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I am a Canadian travelling to South Africa for two weeks. My flights, rental car and hotels are pre-paid. Obviously I'll want to have some money to spend on food, entertainment and unforeseen costs while I'm there.

My question is, how much cash should I bring? Carrying cash around is a bad idea but my limited experience is that travelers cheques are a pain to get cashed and are not accepted anywhere other than banks.

Will my mastercard (issued by a Canadian bank) serve me well? I understand that it should work at ATMs, but will it be accepted at stores, gas stations and restaurants?

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3 Answers 3

up vote 6 down vote accepted

Indeed, Mastercard South Africa even has an ATM search to show you where the best ATMs would be that support it.

How much cash? That depends on how much you're planning to spend. Or are willing to keep on you at all times. Depending on which study you read, Johannesburg (I assume one of the cities you're visiting) is the crime capital of the world. I personally tried not to keep too much cash on me.

Yes, don't bring traveller's cheques. They're a pain, nobody likes cashing them any more, and some places may even refuse. Of course, if you really wanted to, keep some as a backup in case of emergency. The one big benefit is that they're insured - if they're stolen you can get the cash back, whereas if you get mugged and cash is stolen; tough.

Most places accept credit cards - VISA and Mastercard. Most restaurants, gas stations for sure. Little corner stores and street vendors - not so much. It helps to have some cash on you for those purchases, which you can withdraw from an ATM.

To be fair I was there in 2005 for a month, and 2008 for 2 weeks. In 2005 the only time we had a problem with a card being 'accepted' was when we popped up to Zambia, and they used the old-school swipe + carbon copy of your card technique.

There's been seven years since then, so many more merchants have upgraded, and especially after the 2010 World Cup, it's definitely a tourist friendly country (in terms of transactions, at least).

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Having visited South Africa last year (Johannesberg and Cape Town), I had zero issues using an Australian-issued MasterCard credit card and Visa debit card. This was used in restaurants, hotels, tourist attractions, ATMs, etc.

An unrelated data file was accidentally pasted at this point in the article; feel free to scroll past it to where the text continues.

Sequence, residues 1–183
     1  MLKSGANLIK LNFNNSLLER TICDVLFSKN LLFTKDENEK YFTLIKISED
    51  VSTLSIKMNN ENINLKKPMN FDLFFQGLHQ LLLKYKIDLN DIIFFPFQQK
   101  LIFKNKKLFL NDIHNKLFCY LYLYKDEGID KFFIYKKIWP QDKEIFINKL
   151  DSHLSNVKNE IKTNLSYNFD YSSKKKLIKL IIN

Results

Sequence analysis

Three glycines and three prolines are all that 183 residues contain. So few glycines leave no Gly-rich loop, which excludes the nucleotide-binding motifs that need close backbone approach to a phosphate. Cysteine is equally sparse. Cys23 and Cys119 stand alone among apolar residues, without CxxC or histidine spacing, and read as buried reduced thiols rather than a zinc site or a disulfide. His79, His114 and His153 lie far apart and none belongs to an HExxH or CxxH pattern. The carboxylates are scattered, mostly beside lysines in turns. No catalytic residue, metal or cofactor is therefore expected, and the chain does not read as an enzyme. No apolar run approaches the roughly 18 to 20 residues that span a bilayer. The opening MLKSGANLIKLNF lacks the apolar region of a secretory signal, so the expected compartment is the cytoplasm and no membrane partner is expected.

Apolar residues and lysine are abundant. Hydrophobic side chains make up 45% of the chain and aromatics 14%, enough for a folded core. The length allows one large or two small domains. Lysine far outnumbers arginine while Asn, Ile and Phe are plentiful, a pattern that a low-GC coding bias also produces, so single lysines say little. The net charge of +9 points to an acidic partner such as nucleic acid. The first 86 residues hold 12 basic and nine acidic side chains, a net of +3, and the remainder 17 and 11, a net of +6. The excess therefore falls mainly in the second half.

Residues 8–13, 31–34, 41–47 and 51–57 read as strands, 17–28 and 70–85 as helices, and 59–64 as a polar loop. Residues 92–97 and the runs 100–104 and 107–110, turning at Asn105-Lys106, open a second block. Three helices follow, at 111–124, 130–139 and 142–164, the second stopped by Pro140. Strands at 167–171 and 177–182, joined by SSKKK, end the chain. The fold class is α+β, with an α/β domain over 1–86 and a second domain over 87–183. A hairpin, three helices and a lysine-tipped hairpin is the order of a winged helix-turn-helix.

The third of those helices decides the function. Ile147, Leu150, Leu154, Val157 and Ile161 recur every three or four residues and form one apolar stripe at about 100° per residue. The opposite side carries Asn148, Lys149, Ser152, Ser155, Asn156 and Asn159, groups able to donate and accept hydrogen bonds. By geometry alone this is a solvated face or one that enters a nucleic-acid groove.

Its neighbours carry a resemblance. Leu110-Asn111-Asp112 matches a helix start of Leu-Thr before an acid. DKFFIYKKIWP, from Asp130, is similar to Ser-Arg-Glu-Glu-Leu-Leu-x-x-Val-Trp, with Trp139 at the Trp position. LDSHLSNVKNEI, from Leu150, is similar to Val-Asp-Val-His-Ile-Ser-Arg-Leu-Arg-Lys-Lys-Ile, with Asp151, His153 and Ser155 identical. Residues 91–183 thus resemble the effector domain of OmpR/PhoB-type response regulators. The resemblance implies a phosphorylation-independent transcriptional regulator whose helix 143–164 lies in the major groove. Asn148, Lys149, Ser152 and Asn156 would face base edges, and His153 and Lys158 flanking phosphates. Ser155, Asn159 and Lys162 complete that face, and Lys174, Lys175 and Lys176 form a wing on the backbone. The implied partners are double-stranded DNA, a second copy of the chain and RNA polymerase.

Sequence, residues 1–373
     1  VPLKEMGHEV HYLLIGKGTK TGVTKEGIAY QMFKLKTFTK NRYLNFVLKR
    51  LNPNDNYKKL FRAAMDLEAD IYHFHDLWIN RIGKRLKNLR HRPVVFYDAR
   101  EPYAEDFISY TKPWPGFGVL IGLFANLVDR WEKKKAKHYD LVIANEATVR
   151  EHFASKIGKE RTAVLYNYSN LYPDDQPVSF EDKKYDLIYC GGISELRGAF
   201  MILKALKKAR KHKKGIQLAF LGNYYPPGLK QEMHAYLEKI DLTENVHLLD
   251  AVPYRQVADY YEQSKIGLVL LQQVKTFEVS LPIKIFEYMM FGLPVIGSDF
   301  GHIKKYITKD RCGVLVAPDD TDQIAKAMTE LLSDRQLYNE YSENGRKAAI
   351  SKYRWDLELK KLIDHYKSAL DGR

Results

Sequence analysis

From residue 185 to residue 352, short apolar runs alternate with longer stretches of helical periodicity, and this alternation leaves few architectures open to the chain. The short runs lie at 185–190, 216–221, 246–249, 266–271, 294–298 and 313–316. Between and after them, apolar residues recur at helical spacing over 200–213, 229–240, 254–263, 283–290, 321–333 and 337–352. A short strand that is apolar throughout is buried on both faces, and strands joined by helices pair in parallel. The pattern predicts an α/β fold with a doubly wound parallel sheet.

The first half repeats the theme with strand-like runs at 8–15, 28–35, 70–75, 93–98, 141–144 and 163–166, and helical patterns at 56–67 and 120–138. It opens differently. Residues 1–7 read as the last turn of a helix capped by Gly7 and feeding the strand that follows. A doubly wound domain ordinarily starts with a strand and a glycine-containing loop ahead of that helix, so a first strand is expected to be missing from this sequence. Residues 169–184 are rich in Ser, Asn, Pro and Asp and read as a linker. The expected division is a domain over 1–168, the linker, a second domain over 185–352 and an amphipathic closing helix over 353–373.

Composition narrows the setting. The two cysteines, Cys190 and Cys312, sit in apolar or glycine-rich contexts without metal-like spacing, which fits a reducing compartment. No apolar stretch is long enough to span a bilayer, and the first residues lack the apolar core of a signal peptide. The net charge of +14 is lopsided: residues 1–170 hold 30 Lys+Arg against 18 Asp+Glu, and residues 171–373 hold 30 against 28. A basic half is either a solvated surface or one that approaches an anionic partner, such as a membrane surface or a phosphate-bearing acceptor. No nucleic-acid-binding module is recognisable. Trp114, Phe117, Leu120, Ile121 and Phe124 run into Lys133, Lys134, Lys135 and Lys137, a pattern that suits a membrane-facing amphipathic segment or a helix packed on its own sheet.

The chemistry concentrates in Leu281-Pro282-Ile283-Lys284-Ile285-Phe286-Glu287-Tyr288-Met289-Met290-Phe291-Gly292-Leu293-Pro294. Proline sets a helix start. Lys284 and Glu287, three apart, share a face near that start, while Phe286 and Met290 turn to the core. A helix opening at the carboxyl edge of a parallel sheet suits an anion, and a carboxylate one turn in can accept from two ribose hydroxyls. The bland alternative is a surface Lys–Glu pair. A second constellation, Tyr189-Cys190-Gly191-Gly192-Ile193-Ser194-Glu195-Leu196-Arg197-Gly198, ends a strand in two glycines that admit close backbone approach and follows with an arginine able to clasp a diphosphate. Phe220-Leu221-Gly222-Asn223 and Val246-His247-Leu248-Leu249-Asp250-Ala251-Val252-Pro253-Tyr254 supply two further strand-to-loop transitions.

We travelled with no Rand and got out a couple of hundred dollars in Rand from an ATM in the airport on arrival. I've found that that's generally cheaper than currency exchanges. We only used cash when credit/ATM cards were impractical (total was too small or they weren't available).

South Africa is basically a first world country when it comes to their financial infrastructure, as far as I could tell. There are still social and some utility-related issues (flaky power, phone or internet access), but in terms of accessing your money it was not a concern at any point for us. I can't speak for every small town, but then you may very well have the same issue travelling through parts of Australia in terms of ATM/credit card availability.

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As a local, I can confirm that credit card facilities are fairly widespread; in the larger cities, only the smallest shops lack them, and yes, you can use them at stores, and restaurants. Once, I had a gas station charge above the advertised price when using a credit card, since there's an extra charge for them (normally, we use a "garage card"), but they almost always have an ATM as well. I would also advise carrying some cash, depending on where you are going (rural areas, farms, etc). –  Daniel B Jul 31 '12 at 8:13
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Credit cards are accepted pretty much everywhere in SA, as the other people already mentioned in their answers, there are also many ATMs.

One thing I wanted to add is that ATM fraud seems to be quite serious there (my friend was almost a victim when I was there last year). Usually it involves some people trying to "help" you with the cash machine - often seemingly unrelated. They are trying to either scan your card or swap it to a different one (but of the same colour), and at the same time memorize your PIN code as you enter it. So they would try to make you enter your PIN a few times, claiming there are issues with the ATM, etc. In case of my friend just walking away solved the problem.

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